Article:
This agreement is a compromise, as neither side got exactly what it wanted, but Smith is the true winner here. Rookie contracts are often held up as examples when veterans negotiate their own deals, so by accommodating Smith, the Bears will likely have to honor this position in negotiations to come.

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On Tuesday after his first practice with the team, Smith smartly deflected questions about the specifics of the compromise and who or what exactly spurred the end of this holdout. He robotically repeated variations of the same answer: “I left that up to my agents and Mr. Pace.” “I kept my faith in my agents and Mr. Pace that they will get things situated.” “The contract stuff is for my agents and Mr. Pace.”

When asked if the directive to end the holdout came from himself, and if he had anything to do with pushing this deal along in the last couple days, Smith dodged the question and stuck to his line. “They got it figured out,” he said. “So I’m happy that they got it figured out.”

The Bears did not make general manager Ryan Pace available for comment on Tuesday.

Trevathan has nothing but respect for Smith choosing to prioritize his “business” over training camp. He thinks that Smith’s fight to protect himself from the consequences of a suspension that will likely become more common this season is only going to benefit the next generation of defensive players.

“It’s going to lead to a whole new evolution,” he says. “Because the game is constantly changing so the players need to be able to change with it. ... It can go either way, but I think it is smart to take that chance. You only get one chance to do it and protecting yourself is always the best choice. You only get a certain amount of time to be out here, so you want to protect all your money and assets.”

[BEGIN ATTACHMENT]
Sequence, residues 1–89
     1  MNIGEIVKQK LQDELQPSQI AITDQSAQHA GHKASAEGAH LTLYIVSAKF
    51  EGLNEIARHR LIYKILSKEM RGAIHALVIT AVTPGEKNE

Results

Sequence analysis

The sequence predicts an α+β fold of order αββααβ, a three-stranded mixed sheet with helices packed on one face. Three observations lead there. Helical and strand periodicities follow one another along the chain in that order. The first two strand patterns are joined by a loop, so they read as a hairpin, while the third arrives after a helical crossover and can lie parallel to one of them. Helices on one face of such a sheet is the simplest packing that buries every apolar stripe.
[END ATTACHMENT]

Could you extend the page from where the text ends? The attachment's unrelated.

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Smith has a history of thinking critically about his rights as an athlete and how to better his position in a league designed to benefit the clubs and not the players. He started fighting big-money institutions as a senior at Macon County High School in Montezuma, Ga., when he refused to sign a national letter of intent to commit to play college football, based on the recommendation of his high school coach, Larry Harold. Harold saw that Smith did not have to sign the NLI in order to receive an athletic scholarship.

After Smith verbally committed to play at UCLA on national signing day, Smith learned that Jeff Ulbrich, the UCLA linebackers coach who had recruited him, had been offered a job with the Atlanta Falcons. According to The New York Times, UCLA called Harold throughout the day asking him to fax Smith’s signed letter, but he refused. Ulbrich ended up taking the Falcons job, and a week later, Smith chose Georgia instead of UCLA. He never ended up signing a letter of intent with Georgia, and his decision sparked a national debate about recruiting rights.

After the Bears’ last practice in Bourbonnais, rookie linebacker Joel Iyiegbuniwe, who roomed with Smith during OTAs, said that getting the daily reps is the most crucial part of camp for a rookie. “That’s tough to make up for,” he says. “I know [Roquan] is studying the playbook and doing as much as he can staying in shape, but getting the reps always helps. That's the biggest thing he’s missing out on.”

The Bears travel to Denver Tuesday for joint practices with the Broncos before the team’s third preseason game. Smith was drafted as a plug-and-play starter, but injury is the biggest risk for Smith now as he transitions to the NFL. He hasn’t had the reps to, “build callus,” as head coach Matt Nagy likes to call his physical practices. When Bosa ended his 31-day holdout, he quickly injured his hamstring while attempting to get up to speed for week one and missed the first four games of the season. Schefter reported that, depending on Smith’s physical condition, he could make his debut in Saturday night’s game at Mile High Stadium.

Over the last three weeks, Bears coaches did their best to downplay and even ignore Smith’s absence from training camp. But the stakes increased as the days went by, and it’s no coincidence that a day after Bourbonnais camp broke, the team reportedly got a deal done with its first-round pick.